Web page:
A quick update on the United States’ strategic Ebola-vaccine reserve: There isn’t one. As the Centers for Disease Control and Prevention told Foreign Policy on Monday, there is no Food and Drug Administration-approved Ebola vaccine for domestic use. And therefore, no reserves. That’s a little terrifying these days. Americans’ geographical and medical insulation from the virus aside, health officials are predicting an African apocalypse now. The epidemic has already claimed 1,000 lives and has sickened more than 1,700, according to the World Health Organization (WHO).
If ever there were a time for untested but potentially lifesaving solutions, now would be appropriate. WHO officials have already given the go-ahead for vaccine clinical trials. The tests will begin within weeks, aiming to have vaccines ready for use next year. On Monday, Aug. 11, the WHO held a meeting in Geneva to talk about the ethics of using experimental treatments, Agence France-Presse reported.
On Tuesday, the WHO released guidelines for how countries should use unauthorized drugs in emergencies like this. The questions are many: How much testing is enough in the face of an unprecedented crisis like this? And who gets them first — health-care workers? The elderly? Children? While a lot of that still needs addressing, the WHO signed off on using experimental drugs to treat Ebola now. The WHO advised health officials to collect and share data about the drugs’ efficacy and to use "transparency about all aspects of care, informed consent, freedom of choice, confidentiality, respect for [the] person, preservation of dignity, and with the involvement of the community."
The moral questions of making available, or not making available, experimental drugs surfaced when two Ebola-infected American aid workers were airlifted from Liberia — where some 370 people have succumbed to the disease — to Emory University Hospital in Atlanta and were treated with an experimental drug. San Diego-based Mapp Biopharmaceutical manufactures the drug, ZMapp. It strengthens immune systems as they fight the virus and is made from antibodies produced by lab animals exposed to Ebola. That white Americans were the first to receive the drug has not sat well with many.
Washington, meanwhile, is trying to make experimental drugs more available. In March, the Food and Drug Administration (FDA) fast-tracked "TKM-Ebola," an experimental drug produced by the Canadian company Tekmira that targets the virus’s genetic material. But in July, the agency put a hold on TKM’s development, saying more information about its potential side effects is needed. On Thursday, Tekmira told the Associated Press that the FDA abruptly changed course and greenlighted making the drug available. Citing confidentiality policies over experimental drugs, the FDA declined to confirm.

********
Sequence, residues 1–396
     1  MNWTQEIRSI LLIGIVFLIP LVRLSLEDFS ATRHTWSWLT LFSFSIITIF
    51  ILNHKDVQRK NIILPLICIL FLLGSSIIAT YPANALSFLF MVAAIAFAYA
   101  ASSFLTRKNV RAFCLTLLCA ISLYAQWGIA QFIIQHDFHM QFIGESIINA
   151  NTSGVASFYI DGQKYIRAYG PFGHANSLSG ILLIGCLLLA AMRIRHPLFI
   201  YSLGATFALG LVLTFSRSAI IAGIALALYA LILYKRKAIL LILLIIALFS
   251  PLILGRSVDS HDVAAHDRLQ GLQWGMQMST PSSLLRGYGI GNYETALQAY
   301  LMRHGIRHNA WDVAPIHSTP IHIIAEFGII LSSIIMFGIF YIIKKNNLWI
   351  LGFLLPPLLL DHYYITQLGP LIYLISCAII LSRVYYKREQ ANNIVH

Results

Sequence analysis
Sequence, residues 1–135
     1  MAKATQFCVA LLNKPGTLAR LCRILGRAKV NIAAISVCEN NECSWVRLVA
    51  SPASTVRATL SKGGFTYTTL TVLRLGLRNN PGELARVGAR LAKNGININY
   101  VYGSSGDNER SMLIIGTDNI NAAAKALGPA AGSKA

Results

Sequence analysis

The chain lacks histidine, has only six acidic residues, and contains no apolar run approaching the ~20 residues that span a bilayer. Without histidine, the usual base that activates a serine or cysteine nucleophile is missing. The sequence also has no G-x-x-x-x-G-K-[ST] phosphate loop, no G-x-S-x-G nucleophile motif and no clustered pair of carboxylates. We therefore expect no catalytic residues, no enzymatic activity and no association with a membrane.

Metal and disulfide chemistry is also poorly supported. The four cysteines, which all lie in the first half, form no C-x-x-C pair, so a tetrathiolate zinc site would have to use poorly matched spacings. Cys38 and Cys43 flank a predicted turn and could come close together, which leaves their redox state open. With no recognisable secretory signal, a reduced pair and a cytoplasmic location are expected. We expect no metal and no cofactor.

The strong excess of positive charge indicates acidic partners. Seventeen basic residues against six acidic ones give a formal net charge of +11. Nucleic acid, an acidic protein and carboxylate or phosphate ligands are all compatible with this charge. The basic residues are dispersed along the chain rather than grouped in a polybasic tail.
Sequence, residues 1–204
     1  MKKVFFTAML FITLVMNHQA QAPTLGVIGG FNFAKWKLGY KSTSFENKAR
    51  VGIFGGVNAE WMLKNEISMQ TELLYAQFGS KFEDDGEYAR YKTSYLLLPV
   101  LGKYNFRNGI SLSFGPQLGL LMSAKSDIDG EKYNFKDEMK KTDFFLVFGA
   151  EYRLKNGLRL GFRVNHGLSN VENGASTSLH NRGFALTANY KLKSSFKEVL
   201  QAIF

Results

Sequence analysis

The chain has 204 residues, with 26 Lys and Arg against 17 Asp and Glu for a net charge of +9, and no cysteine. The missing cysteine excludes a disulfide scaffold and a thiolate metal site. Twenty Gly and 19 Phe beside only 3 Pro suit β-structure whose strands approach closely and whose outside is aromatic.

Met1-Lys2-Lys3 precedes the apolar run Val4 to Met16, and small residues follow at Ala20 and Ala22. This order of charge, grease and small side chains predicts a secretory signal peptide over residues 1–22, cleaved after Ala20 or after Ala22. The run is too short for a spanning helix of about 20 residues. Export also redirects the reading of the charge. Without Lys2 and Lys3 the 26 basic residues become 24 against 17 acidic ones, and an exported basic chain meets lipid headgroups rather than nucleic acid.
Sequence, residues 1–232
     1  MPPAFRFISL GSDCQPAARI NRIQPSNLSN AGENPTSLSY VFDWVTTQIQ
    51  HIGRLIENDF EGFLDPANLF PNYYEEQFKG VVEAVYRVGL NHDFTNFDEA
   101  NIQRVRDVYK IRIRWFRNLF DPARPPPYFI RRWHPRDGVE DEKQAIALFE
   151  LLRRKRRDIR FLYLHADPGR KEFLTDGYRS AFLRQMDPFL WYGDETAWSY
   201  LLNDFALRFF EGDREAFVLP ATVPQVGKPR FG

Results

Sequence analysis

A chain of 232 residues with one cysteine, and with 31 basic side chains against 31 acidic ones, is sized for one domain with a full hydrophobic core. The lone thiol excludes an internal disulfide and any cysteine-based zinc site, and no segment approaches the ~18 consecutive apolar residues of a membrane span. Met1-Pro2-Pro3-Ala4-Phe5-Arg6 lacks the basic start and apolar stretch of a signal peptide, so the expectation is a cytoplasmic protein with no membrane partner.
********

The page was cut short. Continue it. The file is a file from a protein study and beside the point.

Another drug called AVI-7537, produced by Sarepta Therapeutics, also goes after Ebola’s genetic material, as Forbes‘s David Kroll explained. U.S. Army Medical Research Institute of Infectious Diseases, which develops vaccines and drugs to protect military personnel against biological threats, is a co-assignee on the drug’s two patents, which expire in 2025. Work on the drug, funded in part by the Defense Department, was put on hold during the 2012 fiscal standoff. AVI-7537 was testing well, and Sarepta executives say the drug is ready to go if it can clear the remaining regulatory hurdles. (They’re not giving interviews right now.)
On Thursday, Barack Obama’s administration said it would convene a special working group to figure out how to deploy experimental anti-Ebola drugs in Africa. The team includes scientists from the National Institutes of Health (NIH) and the Centers for Disease Control and Prevention (CDC). Nicole Lurie, the Department of Health and Human Services’ assistant secretary for preparedness and response, will lead the task force. The NIH is already working on several fronts. Its National Institute of Allergy and Infectious Diseases is speeding up development of an Ebola vaccine. The institute is also partnering with outside institutions, a company called Crucell and Thomas Jefferson University, on a pair of vaccines.
All that would seem to be good news. The bad news is that it’s not profitable for large pharmaceutical companies to invest in the research and development of a product whose demand and use are quite limited and specific. The WHO seems particularly aggrieved by such market forces. It’s "a market failure because this is typically a disease of poor people in poor countries" one official said on Tuesday. So it often falls to smaller companies like Mapp — which announced Tuesday that after providing ZMapp to number of African countries for free, its inventory is empty — to fill the gap.
But public health officials don’t want to get ahead of themselves. "We don’t know if [the drugs] work, and we can’t have them in significant numbers," CDC Director Tom Frieden said at a congressional hearing last week. "I don’t want any false hopes out there." In addition, experimental "treatments shouldn’t be rolled out generally without prior safety testing," global health experts Jeremy Farrar, David Heymann, and Peter Piot wrote in the Wall Street Journal last week.